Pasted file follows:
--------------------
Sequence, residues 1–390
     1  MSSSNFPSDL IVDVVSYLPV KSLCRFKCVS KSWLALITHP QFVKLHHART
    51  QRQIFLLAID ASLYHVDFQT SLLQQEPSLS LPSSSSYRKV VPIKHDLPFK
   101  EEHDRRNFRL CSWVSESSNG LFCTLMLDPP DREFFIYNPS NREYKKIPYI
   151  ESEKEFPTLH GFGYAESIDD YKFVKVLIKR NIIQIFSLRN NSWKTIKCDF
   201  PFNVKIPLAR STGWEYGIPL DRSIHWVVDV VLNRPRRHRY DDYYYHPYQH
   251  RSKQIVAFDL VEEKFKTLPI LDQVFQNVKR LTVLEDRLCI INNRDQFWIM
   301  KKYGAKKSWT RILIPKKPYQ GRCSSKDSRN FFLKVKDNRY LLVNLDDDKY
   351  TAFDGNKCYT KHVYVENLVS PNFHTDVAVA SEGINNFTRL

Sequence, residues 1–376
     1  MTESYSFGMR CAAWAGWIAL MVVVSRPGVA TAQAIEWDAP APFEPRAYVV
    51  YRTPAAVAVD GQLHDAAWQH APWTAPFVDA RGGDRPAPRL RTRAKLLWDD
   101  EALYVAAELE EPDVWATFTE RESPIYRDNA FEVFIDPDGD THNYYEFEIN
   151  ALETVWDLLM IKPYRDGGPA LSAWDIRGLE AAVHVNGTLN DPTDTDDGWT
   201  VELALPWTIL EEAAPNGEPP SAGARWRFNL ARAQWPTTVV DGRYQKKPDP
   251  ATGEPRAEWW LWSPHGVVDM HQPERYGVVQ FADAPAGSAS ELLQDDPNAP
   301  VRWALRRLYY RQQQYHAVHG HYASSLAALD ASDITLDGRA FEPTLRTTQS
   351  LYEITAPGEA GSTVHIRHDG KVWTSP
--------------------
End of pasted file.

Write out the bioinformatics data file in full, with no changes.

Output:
Sequence, residues 1–390
     1  MSSSNFPSDL IVDVVSYLPV KSLCRFKCVS KSWLALITHP QFVKLHHART
    51  QRQIFLLAID ASLYHVDFQT SLLQQEPSLS LPSSSSYRKV VPIKHDLPFK
   101  EEHDRRNFRL CSWVSESSNG LFCTLMLDPP DREFFIYNPS NREYKKIPYI
   151  ESEKEFPTLH GFGYAESIDD YKFVKVLIKR NIIQIFSLRN NSWKTIKCDF
   201  PFNVKIPLAR STGWEYGIPL DRSIHWVVDV VLNRPRRHRY DDYYYHPYQH
   251  RSKQIVAFDL VEEKFKTLPI LDQVFQNVKR LTVLEDRLCI INNRDQFWIM
   301  KKYGAKKSWT RILIPKKPYQ GRCSSKDSRN FFLKVKDNRY LLVNLDDDKY
   351  TAFDGNKCYT KHVYVENLVS PNFHTDVAVA SEGINNFTRL

Sequence, residues 1–376
     1  MTESYSFGMR CAAWAGWIAL MVVVSRPGVA TAQAIEWDAP APFEPRAYVV
    51  YRTPAAVAVD GQLHDAAWQH APWTAPFVDA RGGDRPAPRL RTRAKLLWDD
   101  EALYVAAELE EPDVWATFTE RESPIYRDNA FEVFIDPDGD THNYYEFEIN
   151  ALETVWDLLM IKPYRDGGPA LSAWDIRGLE AAVHVNGTLN DPTDTDDGWT
   201  VELALPWTIL EEAAPNGEPP SAGARWRFNL ARAQWPTTVV DGRYQKKPDP
   251  ATGEPRAEWW LWSPHGVVDM HQPERYGVVQ FADAPAGSAS ELLQDDPNAP
   301  VRWALRRLYY RQQQYHAVHG HYASSLAALD ASDITLDGRA FEPTLRTTQS
   351  LYEITAPGEA GSTVHIRHDG KVWTSP